I will also be working closely with Professor Omori in this project, creating a documentary film that serves as both a complement/extension of Crossroads and a stand-alone piece. If Crossroads is an exercise in the art of benshi—Japanese silent film narration—and empathy, incorporating both the refugees’ experience and students’ direct interpretation of those experiences, then my project would be an observational documentary that aims for the least intervention, requiring more from the audience to interpret the events on screen by themselves. A narrative should emanate and emerge from the subjects on screen themselves. There will most likely be no voice-over. Furthermore, interview scenes and nondiegetic music will be kept to a minimum. I hope that the project, like Crossroads in Context, can motivate the audience, through their own interpretation, to empathize with the film’s subject, further examining the theme of telling stories or others, telling stories of their own.
In order to achieve my end goal, I wish to emulate the films—both documentary and fiction—of the Japanese director, Hirokazu Koreeda. I will focus on the style of Koreea’s Still Walking (2008) in particular. In Still Walking, Koreeda depicts one day in life of the Yokoyamas, showing family life through simple gestures and domestic routine of instead of dramatic moments. It is exactly this way that I want to approach my project. Quotidian activities like cooking, eating, reading, and sleeping take up a significant part of a person’s day but are rarely considered significant themselves in contemporary documentary films. The acts of cooking and eating in particular are embedded with cultural specificities and can be revealing of a refugee’s displaced identity. In making the film, I will also explore Koreeda’s distinct use of long takes, long shots, static camera movement, and their contribution to the transmission of daily experience. According to David Macdougall, if a shot remains on the screen without further elaboration, the audiences may feel impatient and annoyed. However, if the shot continues to stay on screen, it might encourage the audiences to enter a mode of “digressive search,” in which they inspect otherwise-ignored elements (e.g. the background) within the presented images and supply them with new meanings . Thus, besides capturing actions and movements, the combination of long take, long shot, and static camera movement can simultaneously convey the space in which the subjects reside and their relationship with it (this reasoning can also explain the deep focus of most of the scenes in Still Walking).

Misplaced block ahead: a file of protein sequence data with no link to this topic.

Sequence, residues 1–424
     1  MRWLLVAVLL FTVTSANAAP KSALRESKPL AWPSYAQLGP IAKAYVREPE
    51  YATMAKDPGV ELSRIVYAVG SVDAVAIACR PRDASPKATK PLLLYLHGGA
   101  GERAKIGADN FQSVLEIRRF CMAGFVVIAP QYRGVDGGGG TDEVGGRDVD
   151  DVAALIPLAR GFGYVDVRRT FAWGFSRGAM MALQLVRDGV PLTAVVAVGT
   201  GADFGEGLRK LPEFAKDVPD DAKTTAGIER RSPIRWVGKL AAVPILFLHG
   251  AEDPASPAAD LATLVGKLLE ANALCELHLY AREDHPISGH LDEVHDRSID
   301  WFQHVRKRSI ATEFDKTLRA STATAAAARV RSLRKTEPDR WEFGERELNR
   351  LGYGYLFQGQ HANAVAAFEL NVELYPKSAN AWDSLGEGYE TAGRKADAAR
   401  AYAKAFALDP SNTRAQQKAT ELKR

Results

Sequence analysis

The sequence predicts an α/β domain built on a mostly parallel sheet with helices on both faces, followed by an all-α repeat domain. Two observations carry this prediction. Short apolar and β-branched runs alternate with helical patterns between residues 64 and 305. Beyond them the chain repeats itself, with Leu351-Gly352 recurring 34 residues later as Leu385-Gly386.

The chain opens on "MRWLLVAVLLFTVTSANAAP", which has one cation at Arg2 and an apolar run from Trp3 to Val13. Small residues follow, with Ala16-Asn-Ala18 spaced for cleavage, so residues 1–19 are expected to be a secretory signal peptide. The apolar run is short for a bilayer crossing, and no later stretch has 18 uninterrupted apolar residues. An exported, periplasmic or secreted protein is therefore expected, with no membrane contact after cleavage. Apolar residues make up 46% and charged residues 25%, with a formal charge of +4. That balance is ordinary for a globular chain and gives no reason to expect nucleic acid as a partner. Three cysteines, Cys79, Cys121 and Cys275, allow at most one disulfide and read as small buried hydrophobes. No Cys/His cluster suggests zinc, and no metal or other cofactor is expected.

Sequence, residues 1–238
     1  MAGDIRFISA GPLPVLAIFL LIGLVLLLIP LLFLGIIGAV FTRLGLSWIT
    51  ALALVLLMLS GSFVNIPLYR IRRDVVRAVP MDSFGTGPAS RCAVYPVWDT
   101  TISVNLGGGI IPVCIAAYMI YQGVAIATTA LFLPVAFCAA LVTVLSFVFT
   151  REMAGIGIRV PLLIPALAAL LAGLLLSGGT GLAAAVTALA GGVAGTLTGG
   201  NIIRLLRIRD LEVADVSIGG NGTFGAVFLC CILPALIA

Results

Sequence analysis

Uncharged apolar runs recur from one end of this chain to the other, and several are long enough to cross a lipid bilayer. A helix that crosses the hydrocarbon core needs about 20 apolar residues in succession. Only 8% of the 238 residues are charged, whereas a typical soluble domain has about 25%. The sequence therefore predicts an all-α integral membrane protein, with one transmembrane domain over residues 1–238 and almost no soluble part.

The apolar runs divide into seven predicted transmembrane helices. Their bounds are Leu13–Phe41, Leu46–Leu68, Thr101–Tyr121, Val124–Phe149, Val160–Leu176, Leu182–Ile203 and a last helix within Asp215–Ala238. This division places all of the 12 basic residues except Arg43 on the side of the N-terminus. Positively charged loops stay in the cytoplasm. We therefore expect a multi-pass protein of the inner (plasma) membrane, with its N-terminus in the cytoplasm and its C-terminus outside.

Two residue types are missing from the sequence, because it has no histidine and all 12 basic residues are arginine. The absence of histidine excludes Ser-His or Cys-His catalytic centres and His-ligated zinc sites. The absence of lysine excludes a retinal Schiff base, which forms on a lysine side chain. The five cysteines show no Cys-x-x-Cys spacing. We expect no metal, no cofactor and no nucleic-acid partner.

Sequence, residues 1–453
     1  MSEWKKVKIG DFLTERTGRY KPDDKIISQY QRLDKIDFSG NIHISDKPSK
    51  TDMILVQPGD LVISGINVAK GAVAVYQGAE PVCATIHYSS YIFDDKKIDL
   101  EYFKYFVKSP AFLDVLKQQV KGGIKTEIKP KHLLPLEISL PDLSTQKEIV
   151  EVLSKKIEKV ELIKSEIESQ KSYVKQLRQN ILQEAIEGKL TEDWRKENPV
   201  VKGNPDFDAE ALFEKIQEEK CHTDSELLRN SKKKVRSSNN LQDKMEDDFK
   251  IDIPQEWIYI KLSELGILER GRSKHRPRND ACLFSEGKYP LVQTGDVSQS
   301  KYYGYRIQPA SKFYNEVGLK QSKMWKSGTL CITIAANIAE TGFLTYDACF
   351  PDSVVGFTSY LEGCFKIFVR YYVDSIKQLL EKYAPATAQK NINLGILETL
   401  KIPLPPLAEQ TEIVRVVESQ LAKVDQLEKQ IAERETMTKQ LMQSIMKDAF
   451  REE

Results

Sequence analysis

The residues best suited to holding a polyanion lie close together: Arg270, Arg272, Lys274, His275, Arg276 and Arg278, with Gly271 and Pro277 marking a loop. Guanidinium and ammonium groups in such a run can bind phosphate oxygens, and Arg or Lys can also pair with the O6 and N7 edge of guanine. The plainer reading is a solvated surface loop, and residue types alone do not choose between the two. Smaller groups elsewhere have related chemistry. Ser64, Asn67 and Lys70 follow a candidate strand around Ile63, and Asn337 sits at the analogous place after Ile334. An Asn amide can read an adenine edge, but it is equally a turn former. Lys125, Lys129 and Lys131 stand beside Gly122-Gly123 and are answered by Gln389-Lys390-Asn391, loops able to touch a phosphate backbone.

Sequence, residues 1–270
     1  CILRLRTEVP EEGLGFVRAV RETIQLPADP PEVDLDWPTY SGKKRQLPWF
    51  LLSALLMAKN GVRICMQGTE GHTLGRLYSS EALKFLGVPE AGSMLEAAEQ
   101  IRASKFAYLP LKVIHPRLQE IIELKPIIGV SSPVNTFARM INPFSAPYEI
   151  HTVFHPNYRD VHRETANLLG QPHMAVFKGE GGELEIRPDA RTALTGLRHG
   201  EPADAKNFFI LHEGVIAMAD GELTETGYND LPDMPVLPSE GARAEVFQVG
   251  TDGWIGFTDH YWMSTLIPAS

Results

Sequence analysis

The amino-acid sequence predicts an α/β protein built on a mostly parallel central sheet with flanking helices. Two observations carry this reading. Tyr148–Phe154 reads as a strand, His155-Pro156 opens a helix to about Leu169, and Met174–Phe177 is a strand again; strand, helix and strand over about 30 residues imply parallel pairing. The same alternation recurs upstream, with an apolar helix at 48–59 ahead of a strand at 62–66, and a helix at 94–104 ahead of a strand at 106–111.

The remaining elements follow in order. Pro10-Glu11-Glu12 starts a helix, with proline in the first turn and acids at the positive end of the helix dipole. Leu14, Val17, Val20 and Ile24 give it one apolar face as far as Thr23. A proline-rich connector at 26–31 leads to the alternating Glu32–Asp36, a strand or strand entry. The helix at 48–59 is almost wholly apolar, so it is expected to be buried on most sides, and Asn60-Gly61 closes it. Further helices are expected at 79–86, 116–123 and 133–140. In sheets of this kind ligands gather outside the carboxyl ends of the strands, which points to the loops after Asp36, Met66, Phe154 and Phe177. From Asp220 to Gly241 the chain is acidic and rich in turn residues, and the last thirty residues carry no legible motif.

Cheah, Joseph (2008). Huping Ling, ed. Emerging voices: experiences of underrepresented Asian Americans. Rutgers University Press. pp. 199–217.
Henderson, Brian, and Ann Martin, editors. Film Quarterly: Forty Years - A Selection. Berkeley: University of California Press, c1999 1999.